Using default value for DefaultFilePrefix variable: ReadyRollCustomer
    Using default value for DefaultDataPath variable: S:\Databases\
    Using default value for DefaultLogPath variable: S:\Databases\
    Using default value for DefaultBackupPath variable: S:\Backups\
    Starting 'databaseName' Database Deployment to 'server ip'
    Sqlcmd.exe -b -S "serverIp" -v DatabaseName="databaseName" ReleaseVersion="version" DeployPath="S:\Release Supporting Functions\RrDatabaseScripts\solution name\version\projectName\" ForceDeployWithoutBaseline="True" DefaultFilePrefix="ReadyRollCustomer" DefaultDataPath="S:\Databases\" DefaultLogPath="S:\Databases\" DefaultBackupPath="S:\Backups\" -d "databaseName" -i "S:\Release Supporting Functions\RrDatabaseScripts\solution name\version\ReadyRollCustomer\ReadyRollCustomer_Package.sql" -U "username"
    The database already exists. An incremental deployment will be performed.
    ----- executing pre-deployment script "Pre-Deployment\01_Create_Database.sql" -----
    # Beginning transaction

    ***** EXECUTING MIGRATION "Migrations\1.1.0-Changes\file_name.sql", ID: {5d53085d-0483-4717-bca2-3f1b5dd7b1dd} *****
    ***** FINISHED EXECUTING MIGRATION "Migrations\1.1.0-Changes\file_name.sql", ID: {5d53085d-0483-4717-bca2-3f1b5dd7b1dd} *****

    ***** EXECUTING MIGRATION "Migrations\1.1.0-Changes\file_name.sql", ID: {405ab026-2d9f-404d-a52a-e01efd8863c3} *****
    ***** FINISHED EXECUTING MIGRATION "Migrations\1.1.0-Changes\file_name.sql", ID: {405ab026-2d9f-404d-a52a-e01efd8863c3} *****

    ***** EXECUTING MIGRATION "Migrations\1.1.0-Changes\file_name.sql", ID: {e78b1b52-ed7c-4eef-9983-e95f0cb20be5} *****
    ***** FINISHED EXECUTING MIGRATION "Migrations\1.1.0-Changes\file_name.sql", ID: {e78b1b52-ed7c-4eef-9983-e95f0cb20be5} *****

    ***** EXECUTING MIGRATION "Migrations\1.1.0-Changes\file_name.sql", ID: {2de357b0-23da-487c-9ec8-e4a8016feaa0} *****
    ***** FINISHED EXECUTING MIGRATION "Migrations\1.1.0-Changes\file_name.sql", ID: {2de357b0-23da-487c-9ec8-e4a8016feaa0} *****
     
    ***** EXECUTING MIGRATION "Migrations\1.1.0-Changes\file_name.sql", ID: {773ca2a1-2d39-41c1-9e79-25d527c9e308} *****
    ***** FINISHED EXECUTING MIGRATION "Migrations\1.1.0-Changes\file_name.sql", ID: {773ca2a1-2d39-41c1-9e79-25d527c9e308} *****

    ***** EXECUTING MIGRATION "Migrations\1.1.0-Changes\file_name.sql", ID: {cce6ade6-1600-4b65-9f1c-64af76b484c5} *****
    ***** FINISHED EXECUTING MIGRATION "Migrations\1.1.0-Changes\file_name.sql", ID: {cce6ade6-1600-4b65-9f1c-64af76b484c5} *****

    ***** EXECUTING MIGRATION "Migrations\1.1.0-Changes\file_name.sql", ID: {72544fa5-1d47-4613-98ab-4886c9473099} *****
    ***** FINISHED EXECUTING MIGRATION "Migrations\1.1.0-Changes\file_name.sql", ID: {72544fa5-1d47-4613-98ab-4886c9473099} *****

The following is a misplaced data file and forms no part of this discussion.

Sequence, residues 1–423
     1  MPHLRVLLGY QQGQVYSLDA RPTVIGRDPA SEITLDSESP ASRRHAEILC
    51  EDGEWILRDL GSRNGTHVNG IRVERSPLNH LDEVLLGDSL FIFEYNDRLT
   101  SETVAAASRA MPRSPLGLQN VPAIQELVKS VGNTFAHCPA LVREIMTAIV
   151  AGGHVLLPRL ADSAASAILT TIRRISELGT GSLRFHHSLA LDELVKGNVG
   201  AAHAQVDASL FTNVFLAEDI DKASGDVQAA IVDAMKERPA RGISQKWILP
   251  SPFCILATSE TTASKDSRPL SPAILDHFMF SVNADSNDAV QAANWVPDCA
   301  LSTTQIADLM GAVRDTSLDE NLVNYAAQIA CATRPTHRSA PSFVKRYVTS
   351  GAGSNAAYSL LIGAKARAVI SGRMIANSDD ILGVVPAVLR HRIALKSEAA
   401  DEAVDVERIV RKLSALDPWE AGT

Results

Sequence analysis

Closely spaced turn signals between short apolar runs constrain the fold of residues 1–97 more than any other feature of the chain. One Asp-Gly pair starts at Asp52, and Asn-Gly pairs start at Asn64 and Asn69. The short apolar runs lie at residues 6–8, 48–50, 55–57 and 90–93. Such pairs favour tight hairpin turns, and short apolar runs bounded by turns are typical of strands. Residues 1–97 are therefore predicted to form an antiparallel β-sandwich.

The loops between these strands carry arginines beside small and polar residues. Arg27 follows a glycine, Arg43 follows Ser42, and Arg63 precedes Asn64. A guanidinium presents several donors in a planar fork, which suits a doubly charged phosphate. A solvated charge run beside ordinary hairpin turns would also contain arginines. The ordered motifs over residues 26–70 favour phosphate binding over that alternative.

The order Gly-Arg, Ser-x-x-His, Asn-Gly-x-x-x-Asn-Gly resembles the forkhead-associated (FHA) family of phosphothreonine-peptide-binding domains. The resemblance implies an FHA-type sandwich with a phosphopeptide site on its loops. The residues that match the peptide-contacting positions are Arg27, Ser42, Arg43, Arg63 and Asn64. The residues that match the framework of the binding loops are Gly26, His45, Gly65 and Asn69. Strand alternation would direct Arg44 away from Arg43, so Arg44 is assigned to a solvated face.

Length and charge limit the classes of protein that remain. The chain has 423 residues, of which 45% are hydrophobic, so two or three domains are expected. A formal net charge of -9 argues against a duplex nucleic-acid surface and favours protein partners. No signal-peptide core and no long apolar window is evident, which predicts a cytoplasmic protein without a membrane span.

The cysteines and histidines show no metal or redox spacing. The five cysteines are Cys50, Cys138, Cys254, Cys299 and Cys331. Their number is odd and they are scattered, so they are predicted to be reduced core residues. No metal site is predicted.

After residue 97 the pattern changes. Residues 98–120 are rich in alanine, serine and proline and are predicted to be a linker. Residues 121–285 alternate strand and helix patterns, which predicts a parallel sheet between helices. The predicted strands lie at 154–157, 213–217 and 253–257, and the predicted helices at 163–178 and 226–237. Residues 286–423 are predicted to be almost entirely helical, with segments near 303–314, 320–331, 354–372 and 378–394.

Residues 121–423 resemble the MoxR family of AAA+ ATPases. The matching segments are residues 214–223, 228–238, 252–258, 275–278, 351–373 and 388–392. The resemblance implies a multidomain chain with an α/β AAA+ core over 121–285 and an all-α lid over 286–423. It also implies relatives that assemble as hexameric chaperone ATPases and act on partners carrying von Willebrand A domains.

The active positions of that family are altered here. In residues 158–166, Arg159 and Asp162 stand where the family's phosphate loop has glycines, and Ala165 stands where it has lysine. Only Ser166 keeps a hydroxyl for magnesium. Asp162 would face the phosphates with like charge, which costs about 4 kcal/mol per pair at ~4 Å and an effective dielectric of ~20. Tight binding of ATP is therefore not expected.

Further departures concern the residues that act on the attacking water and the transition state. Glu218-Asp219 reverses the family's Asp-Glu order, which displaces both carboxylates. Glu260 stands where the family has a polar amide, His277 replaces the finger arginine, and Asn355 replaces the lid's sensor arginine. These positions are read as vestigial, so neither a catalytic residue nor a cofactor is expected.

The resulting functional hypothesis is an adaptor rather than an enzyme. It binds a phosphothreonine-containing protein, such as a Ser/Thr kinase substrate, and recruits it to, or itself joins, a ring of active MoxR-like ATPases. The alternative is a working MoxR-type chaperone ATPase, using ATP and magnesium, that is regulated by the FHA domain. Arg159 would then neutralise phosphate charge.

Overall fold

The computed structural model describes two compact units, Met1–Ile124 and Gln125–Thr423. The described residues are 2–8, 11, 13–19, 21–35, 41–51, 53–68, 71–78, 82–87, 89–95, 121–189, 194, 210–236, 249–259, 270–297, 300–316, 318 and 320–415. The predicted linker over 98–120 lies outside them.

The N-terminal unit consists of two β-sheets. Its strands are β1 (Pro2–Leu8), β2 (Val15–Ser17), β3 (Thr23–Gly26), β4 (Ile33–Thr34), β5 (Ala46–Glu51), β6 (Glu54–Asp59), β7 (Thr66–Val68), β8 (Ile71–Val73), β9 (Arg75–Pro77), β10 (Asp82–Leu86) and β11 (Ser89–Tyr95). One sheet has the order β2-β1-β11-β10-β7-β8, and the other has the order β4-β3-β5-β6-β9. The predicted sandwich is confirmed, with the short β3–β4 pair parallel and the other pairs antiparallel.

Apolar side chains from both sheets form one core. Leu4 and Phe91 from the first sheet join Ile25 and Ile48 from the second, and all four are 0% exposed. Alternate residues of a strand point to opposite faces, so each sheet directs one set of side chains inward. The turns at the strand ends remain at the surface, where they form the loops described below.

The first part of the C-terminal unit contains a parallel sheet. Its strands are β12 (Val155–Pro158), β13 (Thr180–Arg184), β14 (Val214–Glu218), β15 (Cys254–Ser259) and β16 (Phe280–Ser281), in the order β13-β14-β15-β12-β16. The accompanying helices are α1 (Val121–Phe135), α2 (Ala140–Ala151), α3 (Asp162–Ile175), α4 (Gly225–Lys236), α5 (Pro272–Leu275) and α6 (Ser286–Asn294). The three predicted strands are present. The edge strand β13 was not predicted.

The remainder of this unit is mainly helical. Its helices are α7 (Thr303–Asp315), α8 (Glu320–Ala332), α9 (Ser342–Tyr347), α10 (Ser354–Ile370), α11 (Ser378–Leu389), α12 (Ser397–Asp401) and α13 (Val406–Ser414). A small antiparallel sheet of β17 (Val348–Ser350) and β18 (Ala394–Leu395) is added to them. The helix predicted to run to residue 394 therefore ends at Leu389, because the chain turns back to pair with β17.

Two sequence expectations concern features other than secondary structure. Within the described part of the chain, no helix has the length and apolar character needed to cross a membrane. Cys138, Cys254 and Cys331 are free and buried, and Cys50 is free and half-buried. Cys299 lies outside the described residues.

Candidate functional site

***** EXECUTING MIGRATION "Migrations\1.1.0-Changes\file_name.sql", ID: {d1e08785-05ce-4b83-94ee-9ab72b9fb4e3} *****
    ***** FINISHED EXECUTING MIGRATION "Migrations\1.1.0-Changes\file_name.sql", ID: {d1e08785-05ce-4b83-94ee-9ab72b9fb4e3} *****

    ***** EXECUTING MIGRATION "Migrations\1.1.0-Changes\file_name.sql", ID: {c6994e6e-117c-445c-81a5-55d90554048a} *****
    ***** FINISHED EXECUTING MIGRATION "Migrations\1.1.0-Changes\file_name.sql", ID: {c6994e6e-117c-445c-81a5-55d90554048a} *****

    ***** EXECUTING MIGRATION "Migrations\1.1.0-Changes\file_name.sql", ID: {851bda30-3808-4736-bb73-fe8ab396b1b9} *****
    ***** FINISHED EXECUTING MIGRATION "Migrations\1.1.0-Changes\file_name.sql", ID: {851bda30-3808-4736-bb73-fe8ab396b1b9} *****

    ***** EXECUTING MIGRATION "Migrations\1.1.0-Changes\file_name.sql", ID: {4d4f4a23-0da8-4c91-b23c-c53369170629} *****
    ***** FINISHED EXECUTING MIGRATION "Migrations\1.1.0-Changes\file_name.sql", ID: {4d4f4a23-0da8-4c91-b23c-c53369170629} *****

    ***** EXECUTING MIGRATION "Migrations\1.1.0-Changes\file_name.sql", ID: {5e64a6f2-f49d-400c-a53d-50a503943a34} *****
    ***** FINISHED EXECUTING MIGRATION "Migrations\1.1.0-Changes\file_name.sql", ID: {5e64a6f2-f49d-400c-a53d-50a503943a34} *****

    # Committing transaction
     ----- executing post-deployment script "Post-Deployment\01_Finalize_Deployment.sql" -----
    Deployment completed successfully.
    Skipping schema snapshot deployment as a snapshot file could not be found. As a result, preview/drift reports will be unavailable for the next deployment. To enable schema snapshot creation, specify the ShadowServer property in your build configuration https://www.red-gate.com/sca/continuous-integration
  • Options
    From that log I can see that you're using the package deployment script method, which contains every migration you've ever written, and has to check each against the migration log at deployment time to decide which ones to execute. You're not actually using the SQL Change Automation PowerShell cmdlets there.

    I would suggest using the SQL Change Automation PowerShell cmdlets (https://documentation.red-gate.com/sca3/automating-database-changes). You'd use the build/package cmdlets to create a single deployment package, and then use the release cmdlets for each target database to create and execute a targeted deployment script for each one that will only contain the undeployed migrations for that database.
    Development Lead
    Redgate Software